The world markets ended on a mixed note this week. While most of the Asian markets ended on a weak note, Europe and the Americas recorded weekly gains. Asian markets ended with weekly losses, as investors were concerned over inflation and the withdrawal of stimulus programs. The Federal Reserve raised the discount rate by 0.25% to 0.75%. While this is the first increase in discount rate after three years, the move widens the rate's spread over the benchmark federal funds rate, which is currently 0.25%. The Fed believes that it will encourage financial institutions to rely more on money markets rather than the central bank for short-term liquidity needs. There is now a wide consensus amongst bankers and economists that the urgency of monetary tightening will soon dawn upon the Fed.

However, India managed to end the week on a positive note, ending higher by about 0.2% over the previous week. Hong Kong was the top loser this week, ending lower by about 2% followed by Singapore, which ended marginally lower. Chinese markets were closed this week on account of the Lunar New Year. Amongst the top gainers were France (up 5%), UK and Germany (up 4% each). US and Brazilian markets ended the week higher by about 3% each.

Source: Yahoo Finance, Kitco

 Weekend investing mantra
"It's true, of course, that, in the long run, the scoreboard for investment decisions is market price. But prices will be determined by future earnings. In investing, just as in baseball, to put runs on the scoreboard one must watch the playing field, not the scoreboard" - Warren Buffett

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6 Responses to "This sector will propel 8% GDP growth"

jose k k

Mar 18, 2010

There may be 8%.but we shall note that unless an improvement in agricultural sector is not taking place the system will not improve.


Ramchandra Naik

Feb 21, 2010

Along with the need for good rainfall to propel agricultural growth, the government also needs to ensure that there is proper infrastructure in reaching the farm goods to the market. This will help increase agriculture productivity and will also ensure that the sector grows at higher rates than those seen earlier.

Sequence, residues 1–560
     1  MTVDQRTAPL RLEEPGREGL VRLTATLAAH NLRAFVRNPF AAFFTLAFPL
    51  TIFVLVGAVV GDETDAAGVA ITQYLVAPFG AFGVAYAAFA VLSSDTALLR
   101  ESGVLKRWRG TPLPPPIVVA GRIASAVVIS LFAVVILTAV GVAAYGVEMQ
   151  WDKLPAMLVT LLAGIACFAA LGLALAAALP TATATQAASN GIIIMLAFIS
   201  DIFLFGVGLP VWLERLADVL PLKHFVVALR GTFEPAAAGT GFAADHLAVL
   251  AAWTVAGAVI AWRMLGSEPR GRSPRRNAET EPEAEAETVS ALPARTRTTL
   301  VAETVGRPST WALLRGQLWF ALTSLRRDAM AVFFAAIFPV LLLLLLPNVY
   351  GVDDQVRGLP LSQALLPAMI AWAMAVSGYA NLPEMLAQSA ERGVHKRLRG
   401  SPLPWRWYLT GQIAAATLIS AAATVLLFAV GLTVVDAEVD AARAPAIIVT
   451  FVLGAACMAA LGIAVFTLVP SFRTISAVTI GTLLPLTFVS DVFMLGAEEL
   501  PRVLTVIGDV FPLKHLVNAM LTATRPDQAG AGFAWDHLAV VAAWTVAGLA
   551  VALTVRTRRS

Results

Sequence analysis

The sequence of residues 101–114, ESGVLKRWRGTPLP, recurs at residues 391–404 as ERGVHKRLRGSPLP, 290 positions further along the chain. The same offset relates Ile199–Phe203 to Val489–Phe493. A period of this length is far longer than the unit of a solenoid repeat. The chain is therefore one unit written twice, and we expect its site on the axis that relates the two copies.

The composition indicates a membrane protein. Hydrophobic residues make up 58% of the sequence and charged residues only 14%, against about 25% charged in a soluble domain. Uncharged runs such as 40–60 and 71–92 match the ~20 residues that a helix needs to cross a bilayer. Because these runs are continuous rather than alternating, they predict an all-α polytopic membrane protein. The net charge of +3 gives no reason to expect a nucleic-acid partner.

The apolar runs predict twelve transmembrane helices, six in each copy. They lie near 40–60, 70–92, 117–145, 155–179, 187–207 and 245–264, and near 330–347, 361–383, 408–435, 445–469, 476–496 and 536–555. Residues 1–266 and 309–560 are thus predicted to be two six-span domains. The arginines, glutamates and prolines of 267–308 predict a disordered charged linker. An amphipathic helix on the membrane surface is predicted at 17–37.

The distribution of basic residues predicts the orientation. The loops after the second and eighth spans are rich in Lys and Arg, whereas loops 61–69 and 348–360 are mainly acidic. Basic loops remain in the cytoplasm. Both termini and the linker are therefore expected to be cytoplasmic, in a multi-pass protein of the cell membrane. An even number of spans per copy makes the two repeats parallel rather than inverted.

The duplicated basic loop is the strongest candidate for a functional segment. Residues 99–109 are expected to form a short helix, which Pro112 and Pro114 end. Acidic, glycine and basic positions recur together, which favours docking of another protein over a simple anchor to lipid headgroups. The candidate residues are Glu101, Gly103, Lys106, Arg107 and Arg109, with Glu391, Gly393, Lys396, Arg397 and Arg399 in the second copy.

Feb 20, 2010

Dear Sirs,
This refers to the Chart of the day - Retail Losses
In India dishonesty starts from the top - the political leadership - and unless that is cleaned up, there is no future for the country. But can it ever be cleaned up with our kind of "Democracy"?



Feb 20, 2010

In India, black money is on the rampage because of politicians,corrupt officials and greedy businessmen.Our goverment is inefficient to tap the taxes fully and efficiently.So long this state of affair continues, there will be heavy demand for gold and real estate for the black money to hide,appreciate and come out when there is a need.News will come in papers about raid and capture of black money but no further action will be reported as the black money transfers from hand to hand to close the episode.



Feb 20, 2010

when government knows that already there are many factors affecting the gold price and pushing it up then what had induced them to purchase such a huge amount of gold from imf and that too at reasonably high price?? why they had purchased, to increased there reserves of gold or to make short term from profits??
if there is any one who can help me knowing this then do reply me..



Feb 20, 2010

indian groth in all sector minimum 8%